Meanwhile, in FX, Sterling held its gains from last week and is trading around $1.315 this morning with 2 days until the election. There was a poll yesterday, from ICM, which showed the Tories with only a 6ppt lead over Labour at 42% versus 36%. The ICM polls tend to show the narrowest lead for Tories and for context that gap narrowed by 1ppt from the last ICM poll on December 2nd. An interesting stat is that of the 65 polls published since campaigning began, 43 have shown a double digit Tory lead. The second YouGov MRP election model is out at 10pm tonight. The last one two weeks ago showed a healthy 68 seat majority for the Tories but the polls have slightly narrowed at the margin since then including YouGov’s ones so you would expect the predicted seats victory to be lower tonight. A reminder that this poll in 2017 correctly showed a hung Parliament c.9 days before Election Day and was counter to the vast majority of other polls showing a comfortable Tory victory. So it will be closely watched again.

In other news there was a bit of data yesterday but it didn’t really move the dial. In Germany exports surprised to the upside in October (+1.2% vs. -0.3% expected) while imports (0.0% mom vs. -0.1% expected) were more or less in line. Elsewhere, the December Sentix investor confidence reading improved 5.2pts to +0.7 (vs. -5.3 expected). That’s actually the strongest reading since May. Continuing with Germany our local economists reported that the SPD’s party congress ended on Sunday without a revolution against the government coalition but with delegates voting for a package of resolutions that should sharpen the SPD’s leftist profile and will further fuel tensions between the coalition partners once they shift into pre-election mode. See their note here for more.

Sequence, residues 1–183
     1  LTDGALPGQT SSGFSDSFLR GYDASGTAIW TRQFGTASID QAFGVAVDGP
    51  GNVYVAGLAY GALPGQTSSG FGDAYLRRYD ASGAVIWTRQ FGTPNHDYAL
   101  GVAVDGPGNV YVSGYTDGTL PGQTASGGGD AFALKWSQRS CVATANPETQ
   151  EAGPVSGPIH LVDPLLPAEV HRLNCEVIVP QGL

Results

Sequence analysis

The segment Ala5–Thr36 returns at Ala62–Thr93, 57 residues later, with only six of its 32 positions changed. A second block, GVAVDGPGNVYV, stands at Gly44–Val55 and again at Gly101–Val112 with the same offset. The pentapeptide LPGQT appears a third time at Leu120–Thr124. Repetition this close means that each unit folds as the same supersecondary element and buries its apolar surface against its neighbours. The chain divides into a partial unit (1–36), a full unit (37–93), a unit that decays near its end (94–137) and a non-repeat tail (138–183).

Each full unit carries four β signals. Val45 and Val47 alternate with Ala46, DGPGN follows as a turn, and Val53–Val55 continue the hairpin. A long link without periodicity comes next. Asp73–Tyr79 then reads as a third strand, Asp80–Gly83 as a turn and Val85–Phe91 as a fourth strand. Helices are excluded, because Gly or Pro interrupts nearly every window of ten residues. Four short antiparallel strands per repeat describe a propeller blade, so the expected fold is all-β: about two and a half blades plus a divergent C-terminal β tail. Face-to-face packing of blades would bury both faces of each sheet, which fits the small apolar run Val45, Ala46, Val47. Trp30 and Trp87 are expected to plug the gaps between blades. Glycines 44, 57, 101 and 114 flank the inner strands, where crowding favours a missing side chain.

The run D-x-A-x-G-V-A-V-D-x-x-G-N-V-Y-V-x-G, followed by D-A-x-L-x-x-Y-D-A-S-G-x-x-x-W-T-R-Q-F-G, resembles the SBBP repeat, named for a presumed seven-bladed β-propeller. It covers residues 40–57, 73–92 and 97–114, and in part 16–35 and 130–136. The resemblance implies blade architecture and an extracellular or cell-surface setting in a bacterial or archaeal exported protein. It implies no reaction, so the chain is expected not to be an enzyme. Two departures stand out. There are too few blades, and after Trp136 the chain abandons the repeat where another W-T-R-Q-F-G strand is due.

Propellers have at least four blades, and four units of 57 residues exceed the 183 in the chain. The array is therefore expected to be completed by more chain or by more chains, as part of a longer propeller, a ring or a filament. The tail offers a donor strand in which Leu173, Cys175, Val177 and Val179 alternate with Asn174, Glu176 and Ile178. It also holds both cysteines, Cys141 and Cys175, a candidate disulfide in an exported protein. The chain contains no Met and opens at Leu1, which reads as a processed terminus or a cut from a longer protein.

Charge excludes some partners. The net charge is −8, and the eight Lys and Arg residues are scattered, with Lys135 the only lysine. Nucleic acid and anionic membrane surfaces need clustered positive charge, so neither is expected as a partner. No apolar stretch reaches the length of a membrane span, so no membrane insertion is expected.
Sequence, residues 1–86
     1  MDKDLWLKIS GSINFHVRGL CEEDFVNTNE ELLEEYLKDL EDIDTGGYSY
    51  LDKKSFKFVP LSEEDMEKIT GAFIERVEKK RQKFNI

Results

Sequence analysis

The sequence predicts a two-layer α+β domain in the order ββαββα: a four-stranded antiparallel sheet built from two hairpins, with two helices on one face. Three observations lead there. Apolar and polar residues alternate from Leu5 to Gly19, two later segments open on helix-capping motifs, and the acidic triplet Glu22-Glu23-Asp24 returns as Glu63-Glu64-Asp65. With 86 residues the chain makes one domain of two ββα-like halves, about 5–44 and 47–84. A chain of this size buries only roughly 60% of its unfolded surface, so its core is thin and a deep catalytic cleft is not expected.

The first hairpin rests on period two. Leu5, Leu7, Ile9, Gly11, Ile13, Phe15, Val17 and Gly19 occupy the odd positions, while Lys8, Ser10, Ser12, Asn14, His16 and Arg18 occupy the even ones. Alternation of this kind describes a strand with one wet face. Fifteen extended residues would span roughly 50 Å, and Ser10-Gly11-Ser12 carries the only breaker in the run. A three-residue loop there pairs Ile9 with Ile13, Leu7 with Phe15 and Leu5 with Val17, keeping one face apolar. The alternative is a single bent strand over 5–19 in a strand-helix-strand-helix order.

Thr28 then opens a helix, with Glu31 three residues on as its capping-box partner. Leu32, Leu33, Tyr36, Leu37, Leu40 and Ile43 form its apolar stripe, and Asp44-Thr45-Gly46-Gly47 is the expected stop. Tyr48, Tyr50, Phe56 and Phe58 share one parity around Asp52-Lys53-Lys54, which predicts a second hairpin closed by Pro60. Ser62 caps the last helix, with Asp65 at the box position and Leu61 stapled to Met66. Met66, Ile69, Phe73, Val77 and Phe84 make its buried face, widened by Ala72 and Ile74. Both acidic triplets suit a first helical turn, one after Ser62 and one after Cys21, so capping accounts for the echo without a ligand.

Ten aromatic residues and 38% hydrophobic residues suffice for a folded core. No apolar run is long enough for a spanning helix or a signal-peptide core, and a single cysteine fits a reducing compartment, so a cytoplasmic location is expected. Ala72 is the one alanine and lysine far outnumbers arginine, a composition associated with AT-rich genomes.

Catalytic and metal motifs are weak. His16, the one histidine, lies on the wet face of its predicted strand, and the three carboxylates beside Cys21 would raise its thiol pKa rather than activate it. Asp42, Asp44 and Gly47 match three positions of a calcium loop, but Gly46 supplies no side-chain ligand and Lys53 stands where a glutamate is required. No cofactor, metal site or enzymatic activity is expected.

Staying with Europe, yesterday DB’s Mark Wall published his outlook for Europe next year. First and foremost Mark has raised his forecast for euro area growth from 0.8% to 1.0%. This is the first upgrade in over a year and is broadly equalling trend growth. It reflects leading indicators brightening slightly and risks reducing. Mark urges caution though. The trade war and hard Brexit remain risks and he notes the scope for significant upgrades is limited. There are also headwinds such as the auto sector’s struggle with CO2 regulations. See more in Mark’s full note here.

Staying with the outlook theme, Francis Yared published his rates’ outlook yesterday (link here) and his forecasts for 10y Treasuries and Bunds by the end of next year are 1.90% and 0%, respectively. This assumes that none of the major geopolitical risks materialise. In addition, risks to this yield forecast are tilted to the downside in the US and upside in Europe. Francis also flags that the year-end forecasts hide a tortuous path. The US election uncertainty and seasonal effects should put some downside pressure on yields in Q2/Q3 before recovering in Q4 once election uncertainty dissipates.

To the day ahead now, where the highlight datawise this morning is the December ZEW survey in Germany. Also due out is the October monthly GDP and trade data in the UK along with October industrial production prints in the UK, France and Italy. In the US today we’re due to get the November NFIB small business optimism print and final Q3 revisions for nonfarm productivity and unit labour costs.